As we get to the hottest months of the year, millions of households are running their ACs 24 hours a day. Between 8-10 per cent of India’s 300 million households have an air conditioner, but what about the other 90 per cent?

Low-income families struggle with rising temperatures, unable to afford ACs and are most vulnerable to the effects of extreme heat. Yet surprisingly there are no special guidelines to ensure thermal comfort in the Pradhan Mantri Awas Yojana (PMAY).

Under PMAY-U, States and cities offer increased floor space index (FSI), or transferable development rights (TDR) for slum redevelopment and low-cost housing. This promotes dense high-rise developments that improve land use efficiency and also increases emissions per unit area. In addition, while the increase in building heights, non-reflective roofs, higher reflectivity of roads and poorly vegetated parking areas create hot air pockets around buildings, the extensive use of cement and steel without proper insulation in the buildings cause higher indoor temperatures and thermal discomfort.

Thermal comfort is a subjective measure of an individual’s satisfaction with the thermal environment, including air temperature, mean radiant temperature, air speed and relative humidity. This has not been given much importance except for token consideration by providing windows for cross ventilation. Even this has become largely irrelevant due to planning that has disrupted wind paths, paved up percolation zones and reduced green cover in cities.

ACs’ eco impact

While the use of air conditioners achieves thermal comfort they emit fluorocarbons and account for nearly 20 per cent of electricity used in buildings.

Additionally, continuous exposure to an air conditioned environment has been associated with respiratory and skin ailments. Recent observations reveal that the use of air-conditioners has increased even in the smallest affordable government housing, where the walls contribute substantially to heat gain.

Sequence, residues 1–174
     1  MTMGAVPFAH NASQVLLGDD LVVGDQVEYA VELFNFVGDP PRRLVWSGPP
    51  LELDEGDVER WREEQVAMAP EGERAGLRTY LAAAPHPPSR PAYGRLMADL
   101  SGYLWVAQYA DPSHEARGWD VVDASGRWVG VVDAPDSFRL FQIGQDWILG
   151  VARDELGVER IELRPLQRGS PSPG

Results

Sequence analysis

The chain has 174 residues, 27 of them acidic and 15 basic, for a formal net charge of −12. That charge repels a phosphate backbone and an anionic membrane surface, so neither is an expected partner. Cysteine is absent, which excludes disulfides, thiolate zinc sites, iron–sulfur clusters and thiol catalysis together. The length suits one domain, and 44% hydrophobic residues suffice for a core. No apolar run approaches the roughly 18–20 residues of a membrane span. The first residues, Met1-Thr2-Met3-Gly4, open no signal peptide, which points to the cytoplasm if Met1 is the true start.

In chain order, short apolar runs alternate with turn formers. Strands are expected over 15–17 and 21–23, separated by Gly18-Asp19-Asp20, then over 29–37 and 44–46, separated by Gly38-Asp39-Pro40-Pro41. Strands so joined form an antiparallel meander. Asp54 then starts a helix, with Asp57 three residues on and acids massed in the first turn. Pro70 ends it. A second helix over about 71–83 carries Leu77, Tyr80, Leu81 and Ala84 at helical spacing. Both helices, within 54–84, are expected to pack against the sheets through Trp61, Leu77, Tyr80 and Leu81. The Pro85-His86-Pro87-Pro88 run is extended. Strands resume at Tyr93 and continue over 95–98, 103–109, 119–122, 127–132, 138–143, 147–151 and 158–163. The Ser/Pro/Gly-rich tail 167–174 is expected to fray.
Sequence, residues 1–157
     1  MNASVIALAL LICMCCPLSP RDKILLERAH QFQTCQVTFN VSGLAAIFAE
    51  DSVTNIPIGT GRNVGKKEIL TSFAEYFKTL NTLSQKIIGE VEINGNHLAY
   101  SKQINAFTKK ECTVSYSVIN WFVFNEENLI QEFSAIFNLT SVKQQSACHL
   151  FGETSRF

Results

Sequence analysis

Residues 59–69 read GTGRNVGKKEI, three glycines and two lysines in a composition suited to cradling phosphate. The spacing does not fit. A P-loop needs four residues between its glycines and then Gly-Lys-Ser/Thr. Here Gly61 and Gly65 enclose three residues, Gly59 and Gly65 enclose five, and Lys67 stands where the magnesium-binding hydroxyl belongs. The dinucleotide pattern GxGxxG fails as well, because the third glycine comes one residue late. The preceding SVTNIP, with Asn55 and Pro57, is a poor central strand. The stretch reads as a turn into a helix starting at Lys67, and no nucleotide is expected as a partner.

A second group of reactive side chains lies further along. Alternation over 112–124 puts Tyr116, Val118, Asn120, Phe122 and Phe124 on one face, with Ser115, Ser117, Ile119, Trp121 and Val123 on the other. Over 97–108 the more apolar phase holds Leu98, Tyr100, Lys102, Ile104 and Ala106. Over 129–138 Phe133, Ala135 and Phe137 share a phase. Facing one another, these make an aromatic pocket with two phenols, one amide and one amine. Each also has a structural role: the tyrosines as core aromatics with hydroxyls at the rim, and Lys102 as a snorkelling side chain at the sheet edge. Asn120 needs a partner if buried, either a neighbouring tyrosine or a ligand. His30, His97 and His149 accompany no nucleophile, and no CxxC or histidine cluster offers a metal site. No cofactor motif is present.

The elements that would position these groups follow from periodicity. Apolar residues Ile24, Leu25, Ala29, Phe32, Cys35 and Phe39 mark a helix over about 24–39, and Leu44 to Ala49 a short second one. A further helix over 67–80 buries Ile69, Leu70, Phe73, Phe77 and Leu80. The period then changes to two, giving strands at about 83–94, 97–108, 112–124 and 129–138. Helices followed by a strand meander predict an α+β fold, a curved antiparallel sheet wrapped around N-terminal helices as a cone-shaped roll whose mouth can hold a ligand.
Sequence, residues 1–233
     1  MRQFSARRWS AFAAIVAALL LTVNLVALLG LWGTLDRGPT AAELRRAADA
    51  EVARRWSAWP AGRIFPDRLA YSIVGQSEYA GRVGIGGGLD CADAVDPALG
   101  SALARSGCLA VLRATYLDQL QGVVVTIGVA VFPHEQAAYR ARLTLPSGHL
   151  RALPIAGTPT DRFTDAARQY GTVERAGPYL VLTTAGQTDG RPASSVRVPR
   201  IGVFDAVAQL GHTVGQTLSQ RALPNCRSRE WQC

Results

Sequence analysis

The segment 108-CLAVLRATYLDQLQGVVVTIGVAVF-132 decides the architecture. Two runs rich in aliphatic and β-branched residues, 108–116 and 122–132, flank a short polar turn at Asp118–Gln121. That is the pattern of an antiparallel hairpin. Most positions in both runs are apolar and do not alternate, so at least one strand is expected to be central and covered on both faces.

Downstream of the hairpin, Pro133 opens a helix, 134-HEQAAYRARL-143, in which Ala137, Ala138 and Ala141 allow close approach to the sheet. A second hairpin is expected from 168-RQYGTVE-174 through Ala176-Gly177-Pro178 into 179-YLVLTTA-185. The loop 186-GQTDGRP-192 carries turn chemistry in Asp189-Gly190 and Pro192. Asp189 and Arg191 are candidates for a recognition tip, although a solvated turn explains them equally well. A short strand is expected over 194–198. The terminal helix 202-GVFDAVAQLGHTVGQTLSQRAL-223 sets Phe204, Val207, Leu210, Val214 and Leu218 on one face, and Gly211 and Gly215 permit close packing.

Indian building guidelines focus primarily on space utilisation. There are some parts relating to openings/fenestrations that can be inferred to utilisation of natural light. But there are no other guidelines that directly address thermal comfort — on the contrary many guidelines seem to penalise good thermal practices.

Wall thicknesses are considered within FSI calculations — thicker or cavity walls that would help reduce heat transmission restrict the amount of usable space. The rules for concrete walls, which transfer very high amounts of heat, stipulated a wall thickness of 100mm that was subsequently increased to 150mm. No guidelines take into account sun paths, wind direction or on-site conditions which at times lead to facades that face the direct afternoon sun.

The Centre in its ‘Housing for All’ mission can implement best practices for thermal comfort in buildings. Retrofitting and mitigation by occupants will always be sub optimal, expensive and lead to unforeseen consequences. Simple measures like orientation, alignment of openings to wind paths, use of reflective paint and green roofs can create great impact.

What is needed though is a greater attention to design, new materials and better guidelines. For instance, building codes could mandate adoption of passive design to promote thermal comfort.

In addition, initiatives like the Eco Niwas Samhita co-developed by the Bureau of Energy Efficiency could be adopted to ensure building envelopes and shaded areas were designed to minimise heat gain.

Monani is Associate Professor & Director, Affordable Housing; Joshi is Senior Researcher and Visiting Faculty, Anant Centre for Sustainability, Anant National University; Sinha, Professor of Economics & Finance, Hult International Business School, London